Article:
The best scuba diving in San Diego is found at La Jolla Cove. As part of the La Jolla Cove Ecological Reserve, this protected underwater park has giant kelp forests full of a variety of sea life. There are also numerous sea caves to explore. Harbor seals are frequently seen while diving and will even swim along with the diver.
San Diego has a fascinating and diverse coastline that divers from around the world can enjoy. The sandy beaches, kelp forests, underwater reefs, and artificial “shipwreck” reefs give a unique scuba diving experience to all.The most popular dive site in San Diego is at La Jolla Shores. The calm waters provide an excellent location for scuba diving lessons. (You will see dozens of students on weekend mornings.) La Jolla Shores also provides divers abundant marine life with its 533-acre San Diego-La Jolla Underwater Park Ecological Reserve.
La Jolla Cove
La Jolla Cove is a world famous diving site and once you dive there you’ll soon discover why. La Jolla Cove is located in the La Jolla ecological preserve which means no harm can be done to any plant or animal within it. The wildlife seems to know this and the Cove is always teeming with marine life. Some of the biggest fish I have ever seen have been in the cove. It is an excellent place to dive for all skill levels of divers. The average depth is around 15-30 feet and can get deeper as you travel towards the outer cove.
The Marine Room is a shore scuba diving spot located in the La Jolla Shores area of La Jolla California. The Marine Room boasts a lot of neat shallow reef scuba diving, and conditions similar to La Jolla Shores area- relatively small waves, good visibility and less surge This site tends to be less-travelled by divers than the Shores and Cove, presumably because parking is not as convenient and there are no public facilities nearby.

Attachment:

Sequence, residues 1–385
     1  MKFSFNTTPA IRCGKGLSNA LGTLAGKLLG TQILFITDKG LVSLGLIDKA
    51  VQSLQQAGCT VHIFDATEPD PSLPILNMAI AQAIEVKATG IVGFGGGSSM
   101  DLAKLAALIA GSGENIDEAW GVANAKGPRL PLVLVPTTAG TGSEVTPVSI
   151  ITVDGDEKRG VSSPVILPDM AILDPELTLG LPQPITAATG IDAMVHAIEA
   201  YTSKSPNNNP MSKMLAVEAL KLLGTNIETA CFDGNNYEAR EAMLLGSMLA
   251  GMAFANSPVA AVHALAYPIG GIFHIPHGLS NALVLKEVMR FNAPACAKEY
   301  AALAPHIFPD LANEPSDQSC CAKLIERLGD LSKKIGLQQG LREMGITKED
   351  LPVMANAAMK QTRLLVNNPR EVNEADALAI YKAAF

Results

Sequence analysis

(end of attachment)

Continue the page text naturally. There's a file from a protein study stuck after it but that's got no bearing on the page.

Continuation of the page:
La Jolla Shores
The gateway to the Underwater Park, La Jolla Shores can be found by turning west off Interstate 5 toward La Jolla. From La Jolla Shores Drive turn onto Avenida de la Playa, which leads directly to the beach. The area is a diver’s Mecca, so don’t be surprised to see dozens of fellow undersea fanatics checking their gear. Straight offshore, it’s flat and sandy, perfect for beginners. Further offshore are the dark blue depths of the La Jolla Submarine Canyon.
Pipes Scuba Dive
Pipes (also known as Cardiff Campgrounds) is a well-known surf spot in Cardiff-by-the-Sea, but it also offers great shallow reef and kelp scuba diving opportunities for the more experienced shore diver.Divers can expect to find rocky reef areas with lots of marine life at Pipes. Large kelp beds will be found after a long kick offshore.As typical for this area, the water is fairly shallow.
The HMCS Yukon is a Canadian destroyer that was intentionally sunk as an artificial reef in July of 2000. The vessel now rests in the Pacific Ocean less than two miles off the coast of San Diego California. She is in approximately100′ of water. most popular spot areas of the ship are well within the reach of recreational divers.Since her sinking in 2000, the Yukon has become one of the main local attractions in San Diego for scuba divers.